Study details plans to market the Good Life City -, South Georgia News, Weather, Sports

Study details plans to market the Good Life City

June 8, 2006

Albany - Tourists save each Dougherty County taxpayer about $320 a year. A recent marketing study, performed for the Convention and Visitors Bureau, found the average travelers spends $300 a day in Albany. The sales and hotel-motel taxes charged to travelers generates $146-million annually. That money pays for projects that improve our community, such as Riverfront Park and the downtown hotel.    

The Marshall family, of Ohio, spent the hot afternoon in the Hilton hotel pool. Tom Marshall came to Albany for a job interview and decided to bring his family with him.

"They like the pool, they like the hot weather, and they're done with school," he said.

Marshall's first impression of Albany -- "It's real pretty, nice, clean, a beautiful town."

A good review, but Albany's not exactly a family vacation destination. So the Convention and Visitors Bureau paid a Travel Marketing Firm $75,000 to study Albany for four months. Their final report, released this week, details ways to better market Albany to both business and leisure travelers and how to make the city more user-friendly.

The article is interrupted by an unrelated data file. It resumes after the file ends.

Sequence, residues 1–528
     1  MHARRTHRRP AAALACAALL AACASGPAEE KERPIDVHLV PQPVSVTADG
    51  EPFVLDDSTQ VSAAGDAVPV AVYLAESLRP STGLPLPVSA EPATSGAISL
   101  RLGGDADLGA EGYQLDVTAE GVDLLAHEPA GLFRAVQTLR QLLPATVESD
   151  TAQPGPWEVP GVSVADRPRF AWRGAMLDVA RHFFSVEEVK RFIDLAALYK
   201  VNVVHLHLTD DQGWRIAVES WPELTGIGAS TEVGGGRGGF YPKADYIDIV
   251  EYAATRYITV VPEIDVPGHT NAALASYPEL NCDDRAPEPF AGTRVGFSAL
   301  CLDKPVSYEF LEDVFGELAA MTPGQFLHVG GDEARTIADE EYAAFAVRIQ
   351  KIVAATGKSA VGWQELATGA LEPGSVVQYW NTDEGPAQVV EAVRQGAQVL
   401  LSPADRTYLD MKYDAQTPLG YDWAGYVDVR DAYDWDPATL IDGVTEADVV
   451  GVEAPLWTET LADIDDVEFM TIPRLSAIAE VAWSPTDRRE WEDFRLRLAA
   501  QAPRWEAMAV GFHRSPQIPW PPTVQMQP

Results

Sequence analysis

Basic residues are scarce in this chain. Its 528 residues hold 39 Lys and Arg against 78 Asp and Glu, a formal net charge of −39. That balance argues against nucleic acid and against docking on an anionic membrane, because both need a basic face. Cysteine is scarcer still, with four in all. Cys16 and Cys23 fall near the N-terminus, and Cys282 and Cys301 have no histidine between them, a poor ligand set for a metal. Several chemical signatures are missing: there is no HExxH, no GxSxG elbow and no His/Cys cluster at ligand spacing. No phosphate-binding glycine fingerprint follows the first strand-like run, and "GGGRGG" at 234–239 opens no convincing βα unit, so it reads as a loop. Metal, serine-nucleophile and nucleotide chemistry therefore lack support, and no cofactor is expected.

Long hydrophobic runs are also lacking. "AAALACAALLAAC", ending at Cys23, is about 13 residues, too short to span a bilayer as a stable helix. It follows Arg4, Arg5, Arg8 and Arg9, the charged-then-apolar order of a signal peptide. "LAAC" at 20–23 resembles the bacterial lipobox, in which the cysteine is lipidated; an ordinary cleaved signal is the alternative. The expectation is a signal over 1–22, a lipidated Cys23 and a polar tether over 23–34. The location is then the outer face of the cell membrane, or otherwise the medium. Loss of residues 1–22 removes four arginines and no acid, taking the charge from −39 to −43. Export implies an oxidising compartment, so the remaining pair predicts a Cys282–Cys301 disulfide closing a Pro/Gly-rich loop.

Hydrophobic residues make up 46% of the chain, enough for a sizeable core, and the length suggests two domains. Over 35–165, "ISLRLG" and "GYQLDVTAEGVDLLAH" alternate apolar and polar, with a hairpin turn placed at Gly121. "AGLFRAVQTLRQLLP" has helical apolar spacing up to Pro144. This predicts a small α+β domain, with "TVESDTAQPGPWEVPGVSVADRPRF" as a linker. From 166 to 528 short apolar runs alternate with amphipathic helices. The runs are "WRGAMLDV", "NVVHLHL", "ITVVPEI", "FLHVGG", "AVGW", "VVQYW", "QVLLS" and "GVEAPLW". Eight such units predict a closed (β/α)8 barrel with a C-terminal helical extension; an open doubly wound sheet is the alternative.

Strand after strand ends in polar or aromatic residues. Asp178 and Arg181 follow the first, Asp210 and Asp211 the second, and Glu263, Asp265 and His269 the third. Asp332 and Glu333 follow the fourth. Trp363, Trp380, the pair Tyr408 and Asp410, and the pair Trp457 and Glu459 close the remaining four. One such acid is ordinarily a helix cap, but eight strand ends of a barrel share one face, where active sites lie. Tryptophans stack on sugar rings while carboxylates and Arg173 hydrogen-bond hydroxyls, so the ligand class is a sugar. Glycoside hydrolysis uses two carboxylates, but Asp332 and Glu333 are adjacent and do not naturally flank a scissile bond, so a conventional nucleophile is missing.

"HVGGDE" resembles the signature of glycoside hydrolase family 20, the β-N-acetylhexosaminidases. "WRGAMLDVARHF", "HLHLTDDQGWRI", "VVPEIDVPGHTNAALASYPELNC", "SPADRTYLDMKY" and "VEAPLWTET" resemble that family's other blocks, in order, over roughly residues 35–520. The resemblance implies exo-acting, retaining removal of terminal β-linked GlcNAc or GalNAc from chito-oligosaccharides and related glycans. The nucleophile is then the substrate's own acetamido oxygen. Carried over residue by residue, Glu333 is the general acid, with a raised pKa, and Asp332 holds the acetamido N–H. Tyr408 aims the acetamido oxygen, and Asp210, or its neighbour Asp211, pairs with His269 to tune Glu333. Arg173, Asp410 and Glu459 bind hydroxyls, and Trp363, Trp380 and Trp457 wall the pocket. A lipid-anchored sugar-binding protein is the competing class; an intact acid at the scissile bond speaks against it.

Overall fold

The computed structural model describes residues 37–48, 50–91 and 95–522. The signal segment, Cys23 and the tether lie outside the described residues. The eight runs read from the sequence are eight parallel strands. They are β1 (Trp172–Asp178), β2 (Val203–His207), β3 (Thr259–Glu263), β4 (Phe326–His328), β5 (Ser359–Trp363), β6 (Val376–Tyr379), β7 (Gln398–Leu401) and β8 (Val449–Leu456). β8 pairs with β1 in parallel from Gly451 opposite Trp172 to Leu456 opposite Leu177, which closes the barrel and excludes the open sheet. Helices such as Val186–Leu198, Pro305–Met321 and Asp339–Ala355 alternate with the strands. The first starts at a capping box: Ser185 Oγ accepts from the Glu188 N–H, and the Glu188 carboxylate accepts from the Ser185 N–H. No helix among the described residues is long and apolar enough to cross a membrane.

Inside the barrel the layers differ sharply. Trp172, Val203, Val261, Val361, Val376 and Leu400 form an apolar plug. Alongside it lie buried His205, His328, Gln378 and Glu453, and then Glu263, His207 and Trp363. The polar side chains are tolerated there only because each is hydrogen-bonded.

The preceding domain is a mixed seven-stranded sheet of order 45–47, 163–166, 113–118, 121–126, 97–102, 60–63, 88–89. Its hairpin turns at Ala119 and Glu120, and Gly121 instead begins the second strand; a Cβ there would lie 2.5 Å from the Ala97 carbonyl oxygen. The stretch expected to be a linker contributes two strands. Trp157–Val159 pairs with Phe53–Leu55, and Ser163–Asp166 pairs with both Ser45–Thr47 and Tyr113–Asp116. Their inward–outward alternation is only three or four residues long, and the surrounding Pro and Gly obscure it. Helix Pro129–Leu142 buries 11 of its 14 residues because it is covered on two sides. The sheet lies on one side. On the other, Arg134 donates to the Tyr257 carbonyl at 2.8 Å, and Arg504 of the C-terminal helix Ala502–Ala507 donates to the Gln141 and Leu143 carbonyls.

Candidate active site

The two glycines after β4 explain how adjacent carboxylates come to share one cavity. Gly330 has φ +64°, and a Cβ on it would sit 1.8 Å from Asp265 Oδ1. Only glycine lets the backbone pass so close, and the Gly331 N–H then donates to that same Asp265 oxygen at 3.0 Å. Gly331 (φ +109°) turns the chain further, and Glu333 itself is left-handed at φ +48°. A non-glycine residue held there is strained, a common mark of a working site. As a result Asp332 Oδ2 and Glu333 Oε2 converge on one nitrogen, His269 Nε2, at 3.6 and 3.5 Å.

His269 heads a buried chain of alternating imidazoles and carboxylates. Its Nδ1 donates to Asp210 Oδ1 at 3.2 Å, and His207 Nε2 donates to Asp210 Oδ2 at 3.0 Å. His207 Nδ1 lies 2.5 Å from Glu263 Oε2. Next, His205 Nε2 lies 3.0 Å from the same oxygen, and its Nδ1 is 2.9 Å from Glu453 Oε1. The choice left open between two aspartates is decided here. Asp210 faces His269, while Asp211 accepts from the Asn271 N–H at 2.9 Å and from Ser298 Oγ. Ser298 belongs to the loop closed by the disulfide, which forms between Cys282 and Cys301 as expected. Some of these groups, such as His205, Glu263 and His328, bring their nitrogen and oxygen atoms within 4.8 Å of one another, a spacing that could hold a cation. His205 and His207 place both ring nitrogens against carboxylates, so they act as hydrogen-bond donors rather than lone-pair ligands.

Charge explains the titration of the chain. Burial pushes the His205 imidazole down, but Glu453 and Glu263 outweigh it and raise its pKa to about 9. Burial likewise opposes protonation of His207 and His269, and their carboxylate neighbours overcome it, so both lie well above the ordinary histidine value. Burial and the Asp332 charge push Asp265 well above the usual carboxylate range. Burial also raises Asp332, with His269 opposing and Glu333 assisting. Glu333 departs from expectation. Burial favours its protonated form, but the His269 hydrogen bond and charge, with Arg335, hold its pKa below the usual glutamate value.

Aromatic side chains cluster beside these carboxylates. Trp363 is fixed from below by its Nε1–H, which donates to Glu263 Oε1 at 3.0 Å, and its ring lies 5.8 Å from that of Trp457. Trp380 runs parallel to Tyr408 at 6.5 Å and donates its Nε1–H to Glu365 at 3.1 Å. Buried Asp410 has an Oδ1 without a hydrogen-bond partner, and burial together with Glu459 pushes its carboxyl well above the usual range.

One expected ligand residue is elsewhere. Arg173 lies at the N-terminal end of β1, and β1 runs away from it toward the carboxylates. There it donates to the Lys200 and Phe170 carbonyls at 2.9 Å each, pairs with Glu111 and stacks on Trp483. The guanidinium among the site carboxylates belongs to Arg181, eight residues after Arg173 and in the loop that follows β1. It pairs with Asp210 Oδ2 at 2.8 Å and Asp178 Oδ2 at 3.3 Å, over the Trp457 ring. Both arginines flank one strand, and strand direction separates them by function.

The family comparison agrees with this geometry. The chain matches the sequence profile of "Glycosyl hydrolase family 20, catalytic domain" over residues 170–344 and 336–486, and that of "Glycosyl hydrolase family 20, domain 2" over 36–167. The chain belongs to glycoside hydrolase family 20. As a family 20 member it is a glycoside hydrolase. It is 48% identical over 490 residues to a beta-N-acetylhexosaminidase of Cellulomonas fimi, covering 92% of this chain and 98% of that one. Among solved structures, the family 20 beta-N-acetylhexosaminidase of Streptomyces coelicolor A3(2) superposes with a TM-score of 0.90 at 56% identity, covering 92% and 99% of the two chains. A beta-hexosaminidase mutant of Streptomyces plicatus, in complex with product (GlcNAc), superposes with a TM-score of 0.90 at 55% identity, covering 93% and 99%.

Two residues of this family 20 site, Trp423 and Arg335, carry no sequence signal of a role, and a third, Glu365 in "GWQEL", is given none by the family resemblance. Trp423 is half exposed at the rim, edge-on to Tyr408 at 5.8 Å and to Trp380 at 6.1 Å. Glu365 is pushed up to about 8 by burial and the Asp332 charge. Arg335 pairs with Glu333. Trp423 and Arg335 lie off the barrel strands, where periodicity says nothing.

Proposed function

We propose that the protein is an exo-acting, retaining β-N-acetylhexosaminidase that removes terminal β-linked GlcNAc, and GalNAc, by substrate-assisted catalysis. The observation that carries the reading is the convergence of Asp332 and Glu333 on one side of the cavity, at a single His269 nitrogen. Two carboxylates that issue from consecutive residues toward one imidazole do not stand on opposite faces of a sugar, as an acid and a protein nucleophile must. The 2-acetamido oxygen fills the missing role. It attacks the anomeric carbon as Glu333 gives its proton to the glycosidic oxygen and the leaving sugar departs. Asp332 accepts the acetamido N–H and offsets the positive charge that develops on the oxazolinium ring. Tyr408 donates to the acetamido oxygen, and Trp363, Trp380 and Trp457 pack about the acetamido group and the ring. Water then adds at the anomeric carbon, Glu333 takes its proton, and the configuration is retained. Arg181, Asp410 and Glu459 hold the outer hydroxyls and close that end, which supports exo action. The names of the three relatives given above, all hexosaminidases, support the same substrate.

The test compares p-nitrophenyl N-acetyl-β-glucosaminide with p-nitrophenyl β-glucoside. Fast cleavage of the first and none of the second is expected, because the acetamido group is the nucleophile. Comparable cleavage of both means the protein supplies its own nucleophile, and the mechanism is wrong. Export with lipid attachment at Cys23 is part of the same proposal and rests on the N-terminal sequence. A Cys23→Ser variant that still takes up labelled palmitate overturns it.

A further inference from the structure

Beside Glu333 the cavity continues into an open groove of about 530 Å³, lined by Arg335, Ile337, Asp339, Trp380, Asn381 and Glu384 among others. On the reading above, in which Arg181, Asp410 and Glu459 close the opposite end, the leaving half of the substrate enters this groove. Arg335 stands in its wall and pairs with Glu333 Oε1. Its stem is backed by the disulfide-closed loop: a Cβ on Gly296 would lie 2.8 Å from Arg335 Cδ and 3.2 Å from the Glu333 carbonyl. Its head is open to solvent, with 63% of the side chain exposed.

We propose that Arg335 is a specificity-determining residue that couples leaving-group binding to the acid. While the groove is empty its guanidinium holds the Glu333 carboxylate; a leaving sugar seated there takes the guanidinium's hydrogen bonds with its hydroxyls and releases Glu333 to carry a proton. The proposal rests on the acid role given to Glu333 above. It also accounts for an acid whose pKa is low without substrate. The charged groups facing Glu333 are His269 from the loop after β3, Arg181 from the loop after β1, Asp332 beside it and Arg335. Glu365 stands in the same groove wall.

At the top of the list, adding more signs pointing towards attractions, lodging and food.

"As these folks came into town to do the study they actually used some of our signage and maps to guide them around town. They showed use holes in our signage, so to speak," said Sara Underdown.

Convention and Visitors Bureau Vice President Sara Underdown says she's working with the City now to improve signage. But getting travelers close enough to see those signs takes marketing.

"It gives us specifics as to where we want to market," said Underdown.

The report says Albany needs to spend more money placing ads in national magazines like "Woman's Day" and "Southern Living" rather than in convention and meeting publications, where many of the ad dollars have gone until now.

"I was surprised to hear about some of the national publications," said Underdown. "Some of the things they're talking about are girlfriend-type getaways and some markets that we really haven't thought about."

As for recruiting large conventions, the study suggests face-to-face interaction. "People actually come to a trade show and we sell them on Albany and southwest Georgia instead of letting advertising do that."

Underdown says if these marketing changes work, more people will visit Albany, pump up the area's economy and maybe even decide to move here. And she says, that would make the study worth its hefty price tag.

Last year, Albany hotels and motels had about a 60% occupancy rate. That's just a few points below the national average.

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